Chapter 1 – Finding Your Story

Exercise 2

The Riddle Game

Now that you’ve read the story, you know what is happening in the picture. But what does the picture mean to you? Why does this particular image stick in your mind?

To discover more about your connection to the picture, we’re going to play a “riddle game.” In a riddle game, people have to guess the identity of a character without knowing the character’s name. Instead, we hear about the character’s experience from the inside out. Riddle games allow us to contact the energetic life that is going on underneath the names. 

Here’s how to play the game.

First, just STEP into the picture you’ve chosen so that you can feel the atmosphere and note any additional impressions you might sense.

My First Impressions

I smell blood in the butcher shop. (I hadn’t picked that up before.)

Now STEP into the point of view of the character who is your central focus.

Hint: It may be a non-human character, a tower or a tree, for example. Treat the subject of your attention as if it were alive and with its own point of view.

LOOK OUT from the character’s point of view. NOTICE what the character is sensing and feeling.

JOT these impressions down.

In six to ten lines, let your character EXPRESS itself. Remember the catch: our characters can’t tell us their names.

END with the line “Who am I?”

READ your short monologue aloud so you can hear the voice of the character.

My Riddle of Jack

I’m standing in a butcher shop.

I’m a thirteen-year-old boy.

I’m hungry. I’m always hungry. I’m hungry now.

I just sold the cow to the butcher.

He can’t use her. She’s too lean.

The butcher has just finished scolding me for not taking care of her.

I’m not supposed to cry, but I want to.

It’s not my fault we’re poor!

The butcher just gave me a handful of beans.

He says they’re not ordinary.

They’re shinin’ like the colors of the rainbow.

They must be magic. I know they are!

Jack hands with coins


on The Riddle Game

How are you related to your picture?

Now that you know what it’s like to be the character, you can step out of the picture and reflect on what you have experienced.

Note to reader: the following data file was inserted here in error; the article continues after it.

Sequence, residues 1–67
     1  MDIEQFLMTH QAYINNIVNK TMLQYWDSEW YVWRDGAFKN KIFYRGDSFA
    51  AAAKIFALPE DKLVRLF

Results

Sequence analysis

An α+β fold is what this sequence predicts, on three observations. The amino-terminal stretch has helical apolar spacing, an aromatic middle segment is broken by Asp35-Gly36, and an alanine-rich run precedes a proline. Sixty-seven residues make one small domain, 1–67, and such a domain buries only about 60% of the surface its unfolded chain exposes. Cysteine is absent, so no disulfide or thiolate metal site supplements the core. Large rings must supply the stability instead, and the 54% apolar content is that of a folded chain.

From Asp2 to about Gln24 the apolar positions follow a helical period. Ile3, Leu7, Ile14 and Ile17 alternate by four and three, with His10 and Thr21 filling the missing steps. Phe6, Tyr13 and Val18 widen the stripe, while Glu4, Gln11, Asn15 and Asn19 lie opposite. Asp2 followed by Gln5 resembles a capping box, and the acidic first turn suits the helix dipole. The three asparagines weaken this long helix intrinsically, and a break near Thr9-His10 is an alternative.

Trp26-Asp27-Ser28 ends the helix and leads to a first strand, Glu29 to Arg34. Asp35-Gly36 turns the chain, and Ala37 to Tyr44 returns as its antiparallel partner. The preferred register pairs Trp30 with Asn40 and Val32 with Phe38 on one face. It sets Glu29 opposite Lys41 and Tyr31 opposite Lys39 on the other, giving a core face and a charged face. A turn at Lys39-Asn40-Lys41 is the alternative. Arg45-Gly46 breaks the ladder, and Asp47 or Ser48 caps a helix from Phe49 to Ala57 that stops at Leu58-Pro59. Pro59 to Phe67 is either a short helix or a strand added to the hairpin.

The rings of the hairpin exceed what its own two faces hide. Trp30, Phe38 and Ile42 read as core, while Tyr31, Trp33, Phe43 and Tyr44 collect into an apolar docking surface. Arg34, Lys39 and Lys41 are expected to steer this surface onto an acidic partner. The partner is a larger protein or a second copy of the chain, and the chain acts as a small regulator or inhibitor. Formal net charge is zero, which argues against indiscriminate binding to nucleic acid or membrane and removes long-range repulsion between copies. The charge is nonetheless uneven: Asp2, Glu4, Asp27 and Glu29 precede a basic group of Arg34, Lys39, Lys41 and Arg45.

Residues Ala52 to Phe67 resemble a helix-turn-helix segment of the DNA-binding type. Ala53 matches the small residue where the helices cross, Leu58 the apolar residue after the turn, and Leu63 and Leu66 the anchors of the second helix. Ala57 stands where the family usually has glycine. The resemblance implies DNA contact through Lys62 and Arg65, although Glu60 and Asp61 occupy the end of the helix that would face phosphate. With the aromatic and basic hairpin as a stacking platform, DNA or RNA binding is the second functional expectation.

This process is familiar to people who record their dreams. You have the dream, and then you write it down. Once you’ve done that, you can consider what the dream means to you.

In fairy tales, as in dreams, all the characters are expressing parts of the human psyche that are recognizable and interesting to us. So let’s consider how the character you’re looking at is related to you.

ASK yourself: How am I connected to this character? What part of ME is the character? Just write freely and let the connections be revealed to you.

My Connection to Jack

How am I connected to Jack? What part of me is Jack?

Jack is an aspect of me that is full of wonder and imagination. His mother doesn’t have any time for wonder, and neither does the butcher.

I can hear Jack’s mother saying, “You’ve got your head in the clouds, Jack. Why don’t you ever come down to earth?” She thinks he’s useless. He disappoints her. His love of nature and his imaginative inclinations just take away from the work he’s supposed to be doing on the farm.

As I’m writing my reflections down and speaking about this picture with others, it begins to dawn on me that Jack expresses a part of me that has felt diminished and put down by another part of me that has no time for wonder and imagination. Like Jack’s mother, this aspect of me is just busy trying to survive.

“You’ll never get any work studying fairy tales. Why don’t you go out and make some money? We need to put food on the table!”

As I observe these two parts of myself being played out in the story, I find myself reflecting on how little support Jack gets. There’s nobody in his life who believes in him. So I’m prompted to ask, “Where I do I stand?”

Do I stand with Jack’s mother, who is putting him down all the time? Or do I stand with Jack?

And what I realize is: “Hey! I’m with Jack. I’m on his side!”

Already that’s a powerful shift.

Sweeper and man on bed